ABOUT THE SOCIETY
News from Friends of
the J.N.“Ding” Darling
National Wildlife Refuge
“Ding” Darling Days
“Ding” Darling Wildlife Society, a non-profit Friends of
the Refuge organization, supports environmental edu-
cation and services at J.N. “Ding” Darling National
Wildlife Refuge. It depends on membership fees and
private contributions and is grateful to those who help Centennial Celebration on the Slate
fund projects such as the Education Center, internships,
interpretative signage, research, student education, and
informational literature. T his year’s “Ding” Darling Days birding
and eco-festival, Oct. 19-26, will cele-
brate the 100th anniversary of three of
Roosevelt Day as part of the week-long cel-
ebration of “Ding” Darling’s birthday.
For more information on events
the refuges that are part of the (see schedule below), log on to
“Ding” Darling Refuge www.dingdarlingdays.com.
Complex. Thanks to rangers Toni
In 1908, President Westland and Traci Hameet-
Theodore Roosevelt dedicat- man for their diligent work
ed Matlacha Pass, Pine on the site.
GOING FOURTH Island, and Island Bay
National Wildlife Refuges. The Refuge’s 100th
As we enter into our centennial celebration of three The small refuges were later Anniversary Logo combines
refuges in the “Ding” Darling complex – Matlacha taken into the “Ding” Darling fold a cartoon that J.N. “Ding”
Pass, Pine Island, and Island Bay NWRs – we look and still fall under its administration. Darling drew of Teddy Roosevelt
back to 1908 and Teddy Roosevelt’s dedication of The Refuge and “Ding” Darling Wildlife with the names of the three local
the early refuges. Society (DDWS) have declared Wednesday, Oct. 22, Teddy refuges Roosevelt created.
“Ding’s” Fourth of July float kicked things off
with former Lead Park Ranger Kevin Godsea (who
has moved on to manage a Charleston, SC, refuge)
in the role of T.R. The float was appropriate for the
EVENTS AT A GLANCE
Reservations required: 239-472-8900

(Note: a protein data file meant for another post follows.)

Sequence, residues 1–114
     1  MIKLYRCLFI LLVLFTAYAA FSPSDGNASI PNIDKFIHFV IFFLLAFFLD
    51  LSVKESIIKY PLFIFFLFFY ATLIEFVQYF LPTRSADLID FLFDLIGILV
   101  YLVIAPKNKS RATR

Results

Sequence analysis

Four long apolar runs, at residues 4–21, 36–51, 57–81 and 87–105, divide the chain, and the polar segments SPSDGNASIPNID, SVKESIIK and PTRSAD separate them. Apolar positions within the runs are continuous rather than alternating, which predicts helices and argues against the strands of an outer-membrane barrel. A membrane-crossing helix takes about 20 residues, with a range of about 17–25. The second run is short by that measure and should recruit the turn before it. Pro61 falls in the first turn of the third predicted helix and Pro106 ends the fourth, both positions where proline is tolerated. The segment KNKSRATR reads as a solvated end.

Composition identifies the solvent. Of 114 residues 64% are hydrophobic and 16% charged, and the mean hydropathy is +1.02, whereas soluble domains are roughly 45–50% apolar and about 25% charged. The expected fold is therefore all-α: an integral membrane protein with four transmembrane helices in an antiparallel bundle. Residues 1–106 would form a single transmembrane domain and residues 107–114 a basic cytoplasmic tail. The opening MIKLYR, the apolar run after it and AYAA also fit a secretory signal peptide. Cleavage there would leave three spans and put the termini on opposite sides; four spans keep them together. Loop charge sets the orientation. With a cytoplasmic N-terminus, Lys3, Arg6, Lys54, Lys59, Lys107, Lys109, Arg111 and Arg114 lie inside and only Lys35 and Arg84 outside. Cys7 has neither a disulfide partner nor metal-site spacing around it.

SUNDAY, Birding Tour Caravan, meet at EC
Sanibel parade’s Blast from the Past theme and
won an award for best music or performance. 9:30-11 am Refuge Birding Tour Caravan, meet at EC
“Ding” Darling Days will keep the celebration 9:30-11 am Refuge flagpole
afloat with special cruises to the refuges and pre- flagpole Fee: $5 Refuge admission
sentations by a professional Teddy Roosevelt repris- Fee: $5 Refuge admission 10:30 am-12:30 pm Guided Kayak Tour, Tarpon Bay
or. (Sorry, Kevin, guess you’re fired from that job!) 9-10 am FREE Family Beach Walk (parking fees apply), Explorers
Gulfside Park, Algiers Rd. 25% off: $22.50 adults, $15 children
Reservations required: 239-472-8900
10-11:30 am Refuge Bike Tour, meet at EC flagpole
MONDAY, OCT. TBE 20 Fee: $1 Refuge admission
8:30-10:30 am Guided Kayak Tour, 11 am-12:30 pm Sea Life & Nature Cruise, TBE
25% off: $22.50 adults, $15 children 25% off: $15 for adults, $9 for children
Reservations required: 239-472-8900
(EC= “Ding” Darling Education Center) 12:30-1 pm FREE Deck Talk: Dolphins, TBE
(TBE= Tarpon Bay Explorers) continued on next page
INSIDE: “DING” DAYS EVENTS AND SPONSORS
Sponsors’ Generosity Ensures Best-ever “Ding” Days
FALL 2008 – PAGE 2
Thanks to the incredible support that makes this Jerry’s Foods Sandalfoot Condominium
event possible and better every year! Sanibel Captiva Community Bank Sanibel-Captiva Kiwanis Club
Sanibel Captiva Trust Company Sanibel-Captiva Rotary Club
$5,000 Roseate Spoonbill Sponsor Sanibel Island Fishing Club The Werner Family
Doc Ford’s Sanibel Rum Bar & Grille Times of the Islands
West Wind Inn $200 Snowy Egret Sponsors
$2,500 Great Egret Sponsors Queenie’s Real Homemade Ice Cream
Captiva Cruises $500 Reddish Egret Sponsors Sanibel Arms West
Our Captiva Premier Rental Properties Billy’s Rentals and Billy’s Bikes Sanibel Sea School
Sotheby’s International Realty Blind Pass Condominium Vacation Rentals Schnapper’s Hots
‘Tween Waters Inn Dan Hahn Custom Builders Soon Come Contract Hauling
Jensen’s Twin Palms Resort & Marina Thank You for the Dance Entertainment
$1,000 Great Blue Heron Sponsors Lily & Co. Birgie & Kevin Vertesch
Mike & Terry Baldwin Chip & Sheryl Lesch Vortex Optics
Bank of the Islands/Edison National Bank
5-7 pm Sunset Paddle, TBE 5-7 pm Evening Sea Life & Nature Cruise, TBE
EVENTS AT A GLANCE 25% off: $30 for adults, $18.75 for children 25% off: $18.75 for adults, $11.25 for children
Reservations required: 239-472-8900 Reservations required: 239-472-8900
continued from page 1 7-8 pm FREE Sanibel School presents Wild Day play and 5-7 pm Sunset Paddle, TBE
“Teddy Roosevelt” 25% off: $30 for adults, $18.75 for children
1-2:30 pm Sea Life & Nature Cruise, TBE Appearance, sponsored by Sotheby’s Realty, at The Reservations required: 239-472-8900
25% off: $15 for adults, $9 for children Sanibel School. Free gifts for the first 100 kids (door
Reservations required: 239-472-8900 opens at 6:30).
5-7 pm Evening Sea Life & Nature Cruise, TBE THURSDAY, OCT. 23
25% off: $18.75 for adults, $11.25 for children 8:30-10:30 am Guided Kayak Tour, TBE